My humor fell short recently.

In the mercantile where I work, we sell a lot of souvenirs. What most everyone wants is a souvenir sporting the name of the trail they just visited. They don’t want something stamped with a vague “California” or “National Forest.” They want their very specific destination emblazoned on hats, shirts, mugs, shot glasses, magnets, and Christmas tree ornaments—especially Christmas tree ornaments.

Several times customers have looked at Christmas tree ornaments and expressed dissatisfaction because the name of the trail is not on the ornament. A couple of times I’ve joked, Just get a Sharpie and add the name on there! People have reacted with more or less (usually less) amusement.

The other day I made the suggestion to a complaining lady looking at an ornament, then added, If I had a black Sharpie in my pocket, I’d do it for you, but I only have an orange one.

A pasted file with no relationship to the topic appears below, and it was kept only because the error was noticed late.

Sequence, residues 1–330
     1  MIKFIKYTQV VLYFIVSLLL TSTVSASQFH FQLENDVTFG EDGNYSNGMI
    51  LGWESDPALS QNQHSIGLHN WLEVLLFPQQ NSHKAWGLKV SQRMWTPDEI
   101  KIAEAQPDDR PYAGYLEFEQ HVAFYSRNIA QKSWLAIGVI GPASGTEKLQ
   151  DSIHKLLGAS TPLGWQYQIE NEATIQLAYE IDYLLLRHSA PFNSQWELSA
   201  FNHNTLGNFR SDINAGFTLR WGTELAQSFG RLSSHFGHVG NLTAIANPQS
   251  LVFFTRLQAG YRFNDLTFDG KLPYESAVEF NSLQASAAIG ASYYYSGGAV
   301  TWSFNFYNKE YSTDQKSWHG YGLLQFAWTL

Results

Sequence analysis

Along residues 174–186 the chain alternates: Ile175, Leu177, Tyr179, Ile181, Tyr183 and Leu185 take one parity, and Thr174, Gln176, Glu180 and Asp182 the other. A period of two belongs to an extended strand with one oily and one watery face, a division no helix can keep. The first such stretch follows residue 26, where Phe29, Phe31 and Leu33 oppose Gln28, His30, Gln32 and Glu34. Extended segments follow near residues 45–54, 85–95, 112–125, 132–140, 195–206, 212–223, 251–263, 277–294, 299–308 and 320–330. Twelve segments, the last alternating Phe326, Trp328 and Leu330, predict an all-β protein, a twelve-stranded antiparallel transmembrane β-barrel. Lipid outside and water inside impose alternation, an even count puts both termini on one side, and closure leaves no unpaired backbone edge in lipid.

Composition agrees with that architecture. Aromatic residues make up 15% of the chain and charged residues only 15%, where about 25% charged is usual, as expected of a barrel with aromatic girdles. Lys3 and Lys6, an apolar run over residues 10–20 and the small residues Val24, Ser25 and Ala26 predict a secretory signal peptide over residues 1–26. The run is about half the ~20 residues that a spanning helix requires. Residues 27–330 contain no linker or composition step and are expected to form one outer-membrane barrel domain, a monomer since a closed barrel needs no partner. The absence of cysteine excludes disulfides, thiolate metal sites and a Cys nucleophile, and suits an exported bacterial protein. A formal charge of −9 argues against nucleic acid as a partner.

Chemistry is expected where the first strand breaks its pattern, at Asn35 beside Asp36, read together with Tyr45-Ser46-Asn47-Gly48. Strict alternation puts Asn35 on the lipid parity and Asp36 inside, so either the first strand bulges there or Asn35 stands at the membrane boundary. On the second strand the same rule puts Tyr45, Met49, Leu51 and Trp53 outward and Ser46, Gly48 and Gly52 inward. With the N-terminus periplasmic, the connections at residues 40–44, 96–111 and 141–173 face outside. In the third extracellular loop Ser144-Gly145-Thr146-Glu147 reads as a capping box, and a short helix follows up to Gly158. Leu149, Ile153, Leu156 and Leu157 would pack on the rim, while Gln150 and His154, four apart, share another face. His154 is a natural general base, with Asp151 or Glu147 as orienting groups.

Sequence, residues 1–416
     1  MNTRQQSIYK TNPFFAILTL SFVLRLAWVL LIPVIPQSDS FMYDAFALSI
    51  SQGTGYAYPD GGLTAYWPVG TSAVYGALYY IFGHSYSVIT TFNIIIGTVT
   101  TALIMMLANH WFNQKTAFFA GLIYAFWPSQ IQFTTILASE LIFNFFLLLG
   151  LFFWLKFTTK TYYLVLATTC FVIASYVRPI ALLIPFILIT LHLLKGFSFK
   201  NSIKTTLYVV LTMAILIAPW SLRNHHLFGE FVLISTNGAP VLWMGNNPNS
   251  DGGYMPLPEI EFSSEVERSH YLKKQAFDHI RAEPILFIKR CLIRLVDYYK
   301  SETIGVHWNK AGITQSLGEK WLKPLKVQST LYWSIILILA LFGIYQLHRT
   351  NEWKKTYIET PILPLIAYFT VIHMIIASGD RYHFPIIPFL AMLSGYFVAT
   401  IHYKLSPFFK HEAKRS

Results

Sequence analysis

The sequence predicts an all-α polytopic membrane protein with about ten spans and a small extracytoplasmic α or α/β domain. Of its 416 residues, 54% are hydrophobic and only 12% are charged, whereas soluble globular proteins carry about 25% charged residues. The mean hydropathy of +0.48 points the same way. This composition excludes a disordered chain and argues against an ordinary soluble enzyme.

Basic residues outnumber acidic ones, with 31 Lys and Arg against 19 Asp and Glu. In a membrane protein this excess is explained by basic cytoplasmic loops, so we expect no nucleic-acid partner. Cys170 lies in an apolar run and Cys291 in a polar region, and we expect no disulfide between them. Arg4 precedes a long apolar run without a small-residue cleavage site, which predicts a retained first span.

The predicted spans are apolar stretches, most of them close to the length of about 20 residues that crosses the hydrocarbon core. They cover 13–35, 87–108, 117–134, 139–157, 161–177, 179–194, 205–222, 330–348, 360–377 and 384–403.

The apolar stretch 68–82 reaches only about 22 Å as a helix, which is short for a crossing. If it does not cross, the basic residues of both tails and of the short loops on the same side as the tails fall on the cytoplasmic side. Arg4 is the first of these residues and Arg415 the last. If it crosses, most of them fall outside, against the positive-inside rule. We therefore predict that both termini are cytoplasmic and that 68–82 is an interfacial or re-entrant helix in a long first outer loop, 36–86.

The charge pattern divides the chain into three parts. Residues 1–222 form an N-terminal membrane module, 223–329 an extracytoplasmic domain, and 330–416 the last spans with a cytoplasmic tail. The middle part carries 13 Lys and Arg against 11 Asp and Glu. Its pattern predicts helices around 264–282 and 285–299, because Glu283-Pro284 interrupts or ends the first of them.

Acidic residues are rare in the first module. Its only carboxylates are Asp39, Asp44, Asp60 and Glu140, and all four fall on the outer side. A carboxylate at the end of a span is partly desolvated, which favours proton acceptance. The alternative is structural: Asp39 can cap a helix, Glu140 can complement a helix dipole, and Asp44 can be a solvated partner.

Not only did the lady not smile, but The Man started elbowing me in the back. I guess I didn’t sound as funny as I thought I did.

Actually, for a joke,  I don’t think it’s a bad suggestion. Why not just make an ornament (or any souvenir) say what it needs to say in order to jog the memory of a wonderful trip? Having a souvenir labeled in a factory doesn’t make a memory any more valid.

Later that same day, The Big Boss Man was hanging out with us in the store, and he mentioned people not always understanding his sense of humor. I said, Me too! In fact today, and I told him the story of the lady and the ornament. The Big Boss Man cracked a smile and chuckled, I swear he did!

When I got to the part about The Man elbowing me, I said, I told him I was joking!

The Man interjected, It wasn’t funny! No one was laughing!

I thought it was hilarious,  I maintained.

I guess I was the only one.